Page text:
Library of Congress

Law Library of Congress

The Library of Congress > Law Library > News & Events > Global Legal Monitor

United Kingdom: New Restrictions Halt School-Time Vacations

(Sept. 23, 2013) Amendments to the Education (Pupil Registration) (England) Regulations 2006 came into force on September 1, 2013, coinciding almost perfectly with the start of a new term for school children across England. These amendments place restrictions on absences that head teachers may grant to children when school is in session (in the UK, this is known as term time). As the law stands now, children may only be granted a leave of absence from school if there are exceptional circumstances. (The Education (Pupil Registration) (England) (Amendment) Regulations 2013, SI 2013/756, LEGISLATION.GOV.UK.)

Previously, head teachers had the discretion to grant permission for children to be taken out of school for up to ten days for family vacations during term time, if the parents applied in advance and the head teacher considered “that [a] leave of absence should be granted due to the special circumstances relating to that application.” (The Education (Pupil Registration) (England) Regulations 2006, SI 2006/1751, ¶ 7(3(b) (as enacted), LEGISLATION.GOV.UK.)

The 2013 amendments to this regulation remove the discretion of the head teacher to permit a leave of absence for family vacations, as well as the reference to the ten-day period. (The Education (Pupil Registration) (England) (Amendment) Regulations 2013, supra.) Instead, the head teacher may now only grant a leave of absence for students in exceptional circumstances. The Department of Education notes that it does not anticipate head teachers considering a family holiday to be an “exceptional circumstance.” (Can I Take My Child on Holiday in Term Time? Department for Education website (July 24, 2013).)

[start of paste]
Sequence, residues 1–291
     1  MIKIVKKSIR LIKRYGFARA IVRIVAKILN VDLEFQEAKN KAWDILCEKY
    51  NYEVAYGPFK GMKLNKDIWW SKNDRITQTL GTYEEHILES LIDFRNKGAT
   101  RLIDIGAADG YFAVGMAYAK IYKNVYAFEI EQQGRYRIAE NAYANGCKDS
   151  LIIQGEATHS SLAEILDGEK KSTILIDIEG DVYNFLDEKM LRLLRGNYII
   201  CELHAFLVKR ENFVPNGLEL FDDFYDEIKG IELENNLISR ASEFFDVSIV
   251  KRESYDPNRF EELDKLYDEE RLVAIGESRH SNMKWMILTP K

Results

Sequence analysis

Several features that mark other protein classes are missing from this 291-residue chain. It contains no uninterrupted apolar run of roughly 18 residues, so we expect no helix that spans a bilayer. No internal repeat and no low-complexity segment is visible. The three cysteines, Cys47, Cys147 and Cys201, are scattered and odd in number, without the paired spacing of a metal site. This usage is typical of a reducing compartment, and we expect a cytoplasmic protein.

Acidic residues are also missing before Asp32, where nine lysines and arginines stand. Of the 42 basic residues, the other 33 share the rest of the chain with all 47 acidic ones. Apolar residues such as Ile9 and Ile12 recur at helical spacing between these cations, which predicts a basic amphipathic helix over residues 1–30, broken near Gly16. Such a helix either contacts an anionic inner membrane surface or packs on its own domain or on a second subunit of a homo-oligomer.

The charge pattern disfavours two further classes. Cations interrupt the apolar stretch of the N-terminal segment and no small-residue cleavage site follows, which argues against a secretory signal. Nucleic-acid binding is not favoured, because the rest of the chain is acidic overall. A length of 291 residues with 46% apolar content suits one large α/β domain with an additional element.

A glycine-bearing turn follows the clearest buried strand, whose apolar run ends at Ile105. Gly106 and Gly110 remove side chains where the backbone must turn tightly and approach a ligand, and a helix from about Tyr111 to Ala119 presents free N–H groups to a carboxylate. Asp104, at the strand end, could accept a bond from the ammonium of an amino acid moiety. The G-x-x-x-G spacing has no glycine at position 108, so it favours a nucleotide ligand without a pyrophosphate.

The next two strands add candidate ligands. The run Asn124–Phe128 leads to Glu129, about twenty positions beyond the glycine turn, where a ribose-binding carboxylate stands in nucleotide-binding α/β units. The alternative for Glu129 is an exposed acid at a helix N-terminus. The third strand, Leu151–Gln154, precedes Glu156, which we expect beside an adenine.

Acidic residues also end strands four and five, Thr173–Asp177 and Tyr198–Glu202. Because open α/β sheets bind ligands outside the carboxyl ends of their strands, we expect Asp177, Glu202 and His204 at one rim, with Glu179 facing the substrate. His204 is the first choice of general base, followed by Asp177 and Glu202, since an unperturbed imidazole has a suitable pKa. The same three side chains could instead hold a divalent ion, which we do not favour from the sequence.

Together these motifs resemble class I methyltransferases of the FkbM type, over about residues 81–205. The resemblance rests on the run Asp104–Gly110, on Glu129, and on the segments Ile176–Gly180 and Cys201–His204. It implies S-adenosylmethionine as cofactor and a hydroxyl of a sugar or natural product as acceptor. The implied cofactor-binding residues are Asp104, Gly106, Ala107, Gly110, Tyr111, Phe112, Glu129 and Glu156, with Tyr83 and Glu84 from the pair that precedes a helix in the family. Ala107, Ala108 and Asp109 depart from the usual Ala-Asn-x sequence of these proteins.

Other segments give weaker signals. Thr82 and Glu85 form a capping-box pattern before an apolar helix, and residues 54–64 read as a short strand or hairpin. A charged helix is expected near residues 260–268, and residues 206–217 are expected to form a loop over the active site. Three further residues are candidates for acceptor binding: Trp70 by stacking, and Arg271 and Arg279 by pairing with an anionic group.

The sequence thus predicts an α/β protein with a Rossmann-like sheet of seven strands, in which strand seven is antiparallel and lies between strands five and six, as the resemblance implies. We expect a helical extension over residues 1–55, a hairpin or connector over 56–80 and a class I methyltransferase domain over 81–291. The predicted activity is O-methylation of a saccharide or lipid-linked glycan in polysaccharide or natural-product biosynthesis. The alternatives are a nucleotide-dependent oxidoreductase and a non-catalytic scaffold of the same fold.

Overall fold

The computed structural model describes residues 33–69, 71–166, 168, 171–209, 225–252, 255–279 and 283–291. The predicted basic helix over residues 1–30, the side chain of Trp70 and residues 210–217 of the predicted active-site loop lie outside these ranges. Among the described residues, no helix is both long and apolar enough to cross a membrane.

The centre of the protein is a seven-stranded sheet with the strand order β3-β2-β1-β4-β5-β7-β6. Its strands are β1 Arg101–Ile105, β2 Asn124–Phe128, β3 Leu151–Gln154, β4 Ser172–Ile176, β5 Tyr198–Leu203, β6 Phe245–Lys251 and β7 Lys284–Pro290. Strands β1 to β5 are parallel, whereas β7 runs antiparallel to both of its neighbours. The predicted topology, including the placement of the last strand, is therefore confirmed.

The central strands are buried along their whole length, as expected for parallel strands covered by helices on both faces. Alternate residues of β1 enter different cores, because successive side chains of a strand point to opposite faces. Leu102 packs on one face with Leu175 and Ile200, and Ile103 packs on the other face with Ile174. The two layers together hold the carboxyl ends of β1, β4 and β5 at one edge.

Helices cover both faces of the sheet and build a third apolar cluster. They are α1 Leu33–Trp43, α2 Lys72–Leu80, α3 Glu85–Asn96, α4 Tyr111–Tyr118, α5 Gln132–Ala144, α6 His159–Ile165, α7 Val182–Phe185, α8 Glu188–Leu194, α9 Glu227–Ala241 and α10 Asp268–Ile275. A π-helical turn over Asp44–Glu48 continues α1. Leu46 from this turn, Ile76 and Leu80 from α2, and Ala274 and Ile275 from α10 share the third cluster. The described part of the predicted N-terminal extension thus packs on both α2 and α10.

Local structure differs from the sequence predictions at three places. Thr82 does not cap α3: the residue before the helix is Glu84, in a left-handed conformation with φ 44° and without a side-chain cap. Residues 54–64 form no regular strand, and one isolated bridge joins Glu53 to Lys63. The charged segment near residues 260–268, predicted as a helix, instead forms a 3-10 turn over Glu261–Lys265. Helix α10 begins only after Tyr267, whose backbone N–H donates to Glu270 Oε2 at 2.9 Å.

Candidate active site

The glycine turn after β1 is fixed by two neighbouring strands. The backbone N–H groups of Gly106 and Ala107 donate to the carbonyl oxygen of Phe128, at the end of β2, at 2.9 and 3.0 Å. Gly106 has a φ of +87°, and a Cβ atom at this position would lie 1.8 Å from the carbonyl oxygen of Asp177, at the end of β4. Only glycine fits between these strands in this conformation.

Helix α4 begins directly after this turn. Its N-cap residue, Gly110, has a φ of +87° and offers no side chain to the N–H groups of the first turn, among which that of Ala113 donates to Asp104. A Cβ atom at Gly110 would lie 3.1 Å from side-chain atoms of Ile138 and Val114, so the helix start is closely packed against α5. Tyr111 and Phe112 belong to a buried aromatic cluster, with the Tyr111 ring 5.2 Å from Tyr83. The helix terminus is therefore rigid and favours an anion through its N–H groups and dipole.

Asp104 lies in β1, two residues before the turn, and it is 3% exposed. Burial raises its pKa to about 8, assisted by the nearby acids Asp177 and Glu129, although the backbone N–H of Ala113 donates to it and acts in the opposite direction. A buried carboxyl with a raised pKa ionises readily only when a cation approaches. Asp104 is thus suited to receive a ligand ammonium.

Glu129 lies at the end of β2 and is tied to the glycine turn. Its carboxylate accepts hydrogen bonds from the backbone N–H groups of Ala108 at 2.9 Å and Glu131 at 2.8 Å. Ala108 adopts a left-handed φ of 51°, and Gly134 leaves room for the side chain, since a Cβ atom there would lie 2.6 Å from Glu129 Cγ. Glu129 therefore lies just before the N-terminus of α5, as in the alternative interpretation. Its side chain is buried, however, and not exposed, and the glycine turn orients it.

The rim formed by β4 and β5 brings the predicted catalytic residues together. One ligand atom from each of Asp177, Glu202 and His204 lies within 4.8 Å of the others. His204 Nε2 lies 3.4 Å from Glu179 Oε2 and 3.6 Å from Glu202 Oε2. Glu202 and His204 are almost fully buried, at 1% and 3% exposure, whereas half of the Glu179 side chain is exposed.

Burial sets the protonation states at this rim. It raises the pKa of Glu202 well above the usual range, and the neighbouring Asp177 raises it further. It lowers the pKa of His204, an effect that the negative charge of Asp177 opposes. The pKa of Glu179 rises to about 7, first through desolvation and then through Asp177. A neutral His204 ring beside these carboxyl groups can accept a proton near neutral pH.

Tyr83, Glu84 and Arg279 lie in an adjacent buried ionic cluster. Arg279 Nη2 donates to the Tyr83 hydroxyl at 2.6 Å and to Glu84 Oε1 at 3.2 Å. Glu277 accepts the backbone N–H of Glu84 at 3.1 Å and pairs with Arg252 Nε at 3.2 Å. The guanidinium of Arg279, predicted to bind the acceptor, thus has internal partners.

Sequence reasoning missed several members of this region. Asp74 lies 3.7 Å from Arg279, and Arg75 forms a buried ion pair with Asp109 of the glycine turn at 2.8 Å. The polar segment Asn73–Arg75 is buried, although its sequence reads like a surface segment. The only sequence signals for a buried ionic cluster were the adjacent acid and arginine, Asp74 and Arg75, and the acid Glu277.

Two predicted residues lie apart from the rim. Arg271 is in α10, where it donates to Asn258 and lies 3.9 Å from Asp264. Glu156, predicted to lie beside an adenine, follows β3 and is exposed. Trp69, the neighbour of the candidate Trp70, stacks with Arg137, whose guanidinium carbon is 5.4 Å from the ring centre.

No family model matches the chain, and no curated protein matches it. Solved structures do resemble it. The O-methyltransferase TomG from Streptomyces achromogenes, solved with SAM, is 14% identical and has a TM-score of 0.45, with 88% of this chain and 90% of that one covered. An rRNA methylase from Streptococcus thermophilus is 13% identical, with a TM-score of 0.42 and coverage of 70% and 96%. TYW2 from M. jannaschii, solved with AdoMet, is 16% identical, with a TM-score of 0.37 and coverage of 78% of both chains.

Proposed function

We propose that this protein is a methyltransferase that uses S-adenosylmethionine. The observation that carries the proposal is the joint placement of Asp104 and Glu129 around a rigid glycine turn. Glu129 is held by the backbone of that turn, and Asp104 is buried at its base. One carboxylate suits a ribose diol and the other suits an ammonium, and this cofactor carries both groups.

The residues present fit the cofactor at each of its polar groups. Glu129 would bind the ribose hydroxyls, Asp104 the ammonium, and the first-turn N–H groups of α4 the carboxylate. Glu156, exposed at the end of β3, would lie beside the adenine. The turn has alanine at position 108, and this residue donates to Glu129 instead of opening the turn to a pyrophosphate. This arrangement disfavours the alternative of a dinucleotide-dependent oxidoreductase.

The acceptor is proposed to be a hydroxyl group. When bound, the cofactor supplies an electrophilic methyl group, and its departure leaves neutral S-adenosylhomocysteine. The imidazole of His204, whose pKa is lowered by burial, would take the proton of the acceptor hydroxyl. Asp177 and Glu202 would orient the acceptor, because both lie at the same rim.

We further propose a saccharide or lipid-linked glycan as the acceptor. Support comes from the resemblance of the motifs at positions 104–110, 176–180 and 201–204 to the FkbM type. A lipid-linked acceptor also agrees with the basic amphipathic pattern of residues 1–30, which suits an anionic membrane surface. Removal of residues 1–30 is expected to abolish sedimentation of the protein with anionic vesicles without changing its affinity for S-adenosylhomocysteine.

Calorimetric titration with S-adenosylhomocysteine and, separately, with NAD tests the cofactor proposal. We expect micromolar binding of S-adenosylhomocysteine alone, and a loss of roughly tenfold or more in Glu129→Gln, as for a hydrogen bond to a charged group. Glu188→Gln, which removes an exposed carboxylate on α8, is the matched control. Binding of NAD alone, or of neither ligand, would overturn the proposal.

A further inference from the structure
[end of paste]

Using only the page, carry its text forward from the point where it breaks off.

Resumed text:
These regulations are not without teeth and are backed up by the recently amended Education (Penalty Notices) (England) Regulations 2007, which provide that if parents do not ensure that their children attend school, they can receive a penalty notice and pay a fine of £60 (approximately US$100). If the fine is not paid within the first 21 days of notification, it doubles to £120. The same fines also apply to parents whose children are in public places during the first five days after they have been suspended or permanently expelled from school. (Education (Penalty Notices) (England) Regulations 2007, SI 2007/1867, LEGISLATION.GOV.UK; relevant amendment in The Education (Penalty Notices) (England) (Amendment) Regulations 2013, SI 2013/757, LEGISLATION.GOV.UK.) The Education Act also provides for the prosecution of parents who do not ensure that their children regularly attend school, with those convicted facing a fine of up to £2,500 (approximately US$4,000) and/or three months in jail. (Education Act 1996, c. 56, s. 444.)

The new legislation, aimed at improving school attendance, has been met with heavy criticism from both parents and some Members of Parliament, who claim that it penalizes poorer families who cannot afford vacations when school is out of session, as prices for vacations are vastly increased during this time. (Poorer Children Will Miss Out on Holidays, Says Tyneside MP, CHRONICLE LIVE (Aug. 19, 2013).)